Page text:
What happens if the Executor named in the will has died or is otherwise unable to act?
A substitute Executor is usually named in a will. If a second choice was not named, someone, usually a beneficiary, can petition (i.e., ask) the Surrogate’s Court to be appointed as the personal representative of the estate. In this situation, he or she will not be called an Executor, but rather an “Administrator C.T.A.”
Is the Executor paid for his or her work?
Yes, the Executor is entitled to be paid a fee, called a “commission” for his or her work. The rate of payment is fixed by a New York State law in the Surrogate Court Procedures Act (Section 2307). It is based on the value of the estate, roughly as follows:
5% of the first $100,000
4% of the next $200,000
3% of the next $700,000
2 ½% of the next $4,000,000
2% above $5,000,000
What happens if the original will is lost?
A copy of a will can be “proven” (i.e., declared valid) in some circumstances. In general, New York State law provides that if the original will was last known to be in the possession of the testator (the deceased), then there is a presumption that the will was revoked. If, however, it was last known to be in the possession of another, such as the attorney who drafted the will, then the copy may be declared valid.
What happens if I die without a will?
If you die without a will or your will is declared invalid, and you are a New York State resident, the laws of New York will take over and direct how your property is to be distributed. The New York State Estates, Powers & Trusts Law (E.P.T.L.) sets a default distribution for those who did not have a will. The problem with dying “intestate” (i.e., without a will) is that the law will probably not distribute your estate as you would have liked.
How long does probate take?
This depends upon many factors. An estate administration can be straightforward or very complex. One factor that comes into play that New York State law gives creditors (people or businesses the deceased owed money to) seven months from the time the Executor is appointed to file any claims against the estate. Accordingly, it is wise to wait until the seven-month window has passed before distributing assets of the estate. If the Executor distributes earlier and a valid claim is presented after distribution, the Executor is personally responsible for the debt.
Who has the right to see the will?
A will that has been submitted for probate is a public document and anyone can go to the Court and obtain a copy. If you cannot go to the Court yourself, you can hire a lawyer to obtain a copy for you.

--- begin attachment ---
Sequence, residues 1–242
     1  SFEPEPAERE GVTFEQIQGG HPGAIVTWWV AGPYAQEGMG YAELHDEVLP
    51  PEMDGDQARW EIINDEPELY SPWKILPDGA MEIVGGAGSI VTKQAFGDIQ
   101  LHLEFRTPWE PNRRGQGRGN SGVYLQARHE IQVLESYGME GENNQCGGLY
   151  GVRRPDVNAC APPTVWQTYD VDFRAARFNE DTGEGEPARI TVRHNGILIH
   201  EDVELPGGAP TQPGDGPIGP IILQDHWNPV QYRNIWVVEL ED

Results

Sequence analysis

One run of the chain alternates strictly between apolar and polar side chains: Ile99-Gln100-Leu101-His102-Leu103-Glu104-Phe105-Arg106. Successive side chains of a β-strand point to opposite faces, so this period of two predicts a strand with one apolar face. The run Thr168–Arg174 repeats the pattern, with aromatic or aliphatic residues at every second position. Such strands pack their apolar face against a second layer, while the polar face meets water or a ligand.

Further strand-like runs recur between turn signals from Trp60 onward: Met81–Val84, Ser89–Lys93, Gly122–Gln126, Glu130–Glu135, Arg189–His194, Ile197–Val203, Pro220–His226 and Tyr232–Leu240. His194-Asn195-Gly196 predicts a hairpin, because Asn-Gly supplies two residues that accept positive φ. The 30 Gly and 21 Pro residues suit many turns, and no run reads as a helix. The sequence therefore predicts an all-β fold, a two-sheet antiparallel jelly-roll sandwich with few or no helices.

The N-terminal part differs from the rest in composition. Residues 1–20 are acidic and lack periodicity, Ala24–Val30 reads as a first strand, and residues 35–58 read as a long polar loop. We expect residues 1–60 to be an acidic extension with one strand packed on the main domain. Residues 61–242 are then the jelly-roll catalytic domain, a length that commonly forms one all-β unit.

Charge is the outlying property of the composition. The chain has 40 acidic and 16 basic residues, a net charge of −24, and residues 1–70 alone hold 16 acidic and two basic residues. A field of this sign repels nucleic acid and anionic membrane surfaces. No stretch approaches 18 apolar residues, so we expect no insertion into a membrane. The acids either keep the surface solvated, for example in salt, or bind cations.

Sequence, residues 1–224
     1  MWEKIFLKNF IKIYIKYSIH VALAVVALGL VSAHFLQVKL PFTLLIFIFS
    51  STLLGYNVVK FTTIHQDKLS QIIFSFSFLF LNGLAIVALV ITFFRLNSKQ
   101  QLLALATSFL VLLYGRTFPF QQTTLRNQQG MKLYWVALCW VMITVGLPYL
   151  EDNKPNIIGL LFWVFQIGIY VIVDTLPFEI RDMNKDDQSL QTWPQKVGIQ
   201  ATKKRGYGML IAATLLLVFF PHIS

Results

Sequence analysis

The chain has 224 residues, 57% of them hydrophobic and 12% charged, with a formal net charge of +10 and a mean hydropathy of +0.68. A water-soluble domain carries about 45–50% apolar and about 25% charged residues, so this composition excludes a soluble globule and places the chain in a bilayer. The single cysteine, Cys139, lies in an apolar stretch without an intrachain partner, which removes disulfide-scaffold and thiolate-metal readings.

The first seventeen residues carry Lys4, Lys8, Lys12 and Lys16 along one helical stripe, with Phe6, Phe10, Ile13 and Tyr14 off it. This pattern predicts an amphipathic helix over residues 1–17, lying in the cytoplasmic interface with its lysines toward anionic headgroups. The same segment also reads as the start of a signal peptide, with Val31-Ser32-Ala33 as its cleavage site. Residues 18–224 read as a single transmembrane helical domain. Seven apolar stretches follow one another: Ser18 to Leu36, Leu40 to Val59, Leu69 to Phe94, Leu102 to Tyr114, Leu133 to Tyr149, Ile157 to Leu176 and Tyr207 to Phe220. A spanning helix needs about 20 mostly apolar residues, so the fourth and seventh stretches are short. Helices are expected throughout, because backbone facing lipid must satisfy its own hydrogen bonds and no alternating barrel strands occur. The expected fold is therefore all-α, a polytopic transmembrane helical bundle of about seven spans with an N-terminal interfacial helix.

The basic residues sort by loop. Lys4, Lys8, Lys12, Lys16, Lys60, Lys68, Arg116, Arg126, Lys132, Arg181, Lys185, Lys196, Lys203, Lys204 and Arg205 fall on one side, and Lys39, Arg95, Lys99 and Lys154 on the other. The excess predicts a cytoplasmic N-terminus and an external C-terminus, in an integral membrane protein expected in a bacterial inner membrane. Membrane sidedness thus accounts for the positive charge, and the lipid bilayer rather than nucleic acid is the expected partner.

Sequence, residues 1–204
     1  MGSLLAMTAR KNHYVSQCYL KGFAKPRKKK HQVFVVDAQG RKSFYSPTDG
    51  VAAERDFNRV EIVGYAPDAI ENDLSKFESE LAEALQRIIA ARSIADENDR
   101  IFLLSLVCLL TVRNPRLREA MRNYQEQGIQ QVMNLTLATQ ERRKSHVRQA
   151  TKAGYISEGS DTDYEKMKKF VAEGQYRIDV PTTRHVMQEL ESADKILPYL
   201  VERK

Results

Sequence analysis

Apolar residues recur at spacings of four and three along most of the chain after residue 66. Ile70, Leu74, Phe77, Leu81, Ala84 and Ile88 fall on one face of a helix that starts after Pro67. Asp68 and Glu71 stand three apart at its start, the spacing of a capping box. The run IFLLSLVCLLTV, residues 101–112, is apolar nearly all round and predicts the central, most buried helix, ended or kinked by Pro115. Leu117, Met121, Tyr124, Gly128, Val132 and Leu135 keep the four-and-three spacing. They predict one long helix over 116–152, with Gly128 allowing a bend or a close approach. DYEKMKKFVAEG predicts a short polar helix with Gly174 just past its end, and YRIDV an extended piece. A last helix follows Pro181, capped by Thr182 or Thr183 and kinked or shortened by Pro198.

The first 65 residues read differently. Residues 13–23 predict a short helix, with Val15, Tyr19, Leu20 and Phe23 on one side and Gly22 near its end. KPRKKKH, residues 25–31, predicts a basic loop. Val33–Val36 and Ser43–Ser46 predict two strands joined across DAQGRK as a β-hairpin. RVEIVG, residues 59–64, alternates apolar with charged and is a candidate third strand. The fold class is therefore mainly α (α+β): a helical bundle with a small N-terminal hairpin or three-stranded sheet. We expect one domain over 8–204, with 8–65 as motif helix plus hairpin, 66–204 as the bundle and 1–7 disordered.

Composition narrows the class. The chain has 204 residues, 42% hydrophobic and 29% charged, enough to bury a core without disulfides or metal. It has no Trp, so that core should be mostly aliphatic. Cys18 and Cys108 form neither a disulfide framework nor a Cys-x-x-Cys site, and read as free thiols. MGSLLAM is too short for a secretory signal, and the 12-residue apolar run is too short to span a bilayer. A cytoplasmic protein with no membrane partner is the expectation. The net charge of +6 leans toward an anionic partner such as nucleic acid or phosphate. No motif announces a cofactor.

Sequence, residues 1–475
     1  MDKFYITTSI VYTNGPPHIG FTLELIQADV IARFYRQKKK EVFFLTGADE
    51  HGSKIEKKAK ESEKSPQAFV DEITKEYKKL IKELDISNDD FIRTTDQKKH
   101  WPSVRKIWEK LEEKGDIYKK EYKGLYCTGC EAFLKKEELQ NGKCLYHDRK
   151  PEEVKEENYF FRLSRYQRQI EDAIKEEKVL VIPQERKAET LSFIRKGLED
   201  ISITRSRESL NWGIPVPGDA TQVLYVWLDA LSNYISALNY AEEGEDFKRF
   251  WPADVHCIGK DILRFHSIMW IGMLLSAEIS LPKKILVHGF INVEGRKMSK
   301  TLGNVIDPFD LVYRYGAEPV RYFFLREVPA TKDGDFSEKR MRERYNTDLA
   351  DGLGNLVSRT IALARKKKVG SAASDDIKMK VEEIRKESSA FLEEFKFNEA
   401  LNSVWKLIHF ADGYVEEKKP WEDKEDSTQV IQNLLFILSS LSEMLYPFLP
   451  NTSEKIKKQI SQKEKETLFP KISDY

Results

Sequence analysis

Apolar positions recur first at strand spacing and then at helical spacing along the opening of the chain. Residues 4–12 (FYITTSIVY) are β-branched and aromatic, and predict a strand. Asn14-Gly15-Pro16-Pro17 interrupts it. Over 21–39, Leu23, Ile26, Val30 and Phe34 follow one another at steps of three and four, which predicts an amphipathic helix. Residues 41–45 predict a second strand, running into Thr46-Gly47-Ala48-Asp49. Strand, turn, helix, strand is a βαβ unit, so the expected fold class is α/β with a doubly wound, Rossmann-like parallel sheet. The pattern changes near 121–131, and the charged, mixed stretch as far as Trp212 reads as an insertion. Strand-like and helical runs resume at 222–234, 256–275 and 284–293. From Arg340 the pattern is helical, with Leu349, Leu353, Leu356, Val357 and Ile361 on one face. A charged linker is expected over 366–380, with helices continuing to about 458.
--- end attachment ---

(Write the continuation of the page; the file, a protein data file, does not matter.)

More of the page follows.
If the testator (i.e. the person who made the will) is alive, the testator does not have to share the contents of the will with anyone. That includes his/her spouse.
What if the testator is deceased and you believe that someone is hiding a will or has destroyed it.
Under the Surrogates Court Procedures Act, a person with an interest in the estate may summon and examine the person believed to be hiding the will. The Court can order that person to produce the will.
My mother told me that her diamond necklace would be mine when she died. I discovered that my sister took it before my mother died. Can I get it back?
If it can be shown that your sister took the necklace without your mother’s consent, a proceeding can be started to claim it.
My mother told everyone in our family that she wanted to change something in her will, but she died before actually making the change. Does this have any effect?
No. Nothing amends or changes the provisions in a will except a later dated will or codicil (change to a will).
My husband left me many years ago. Can I have him declared “dead” and claim his insurance?
New York law states that a person must be absent for at least five years before the beneficiary is entitled to claim a death benefit. In addition, a special proceeding must be started in the Surrogate’s Court to declare a person legally dead.
What if the wording of a will is unclear? (e.g., a provision that states $10,000 will be left to “William”)
The Surrogate’s Court will hear arguments and issue a decision on the question of what the testator intended.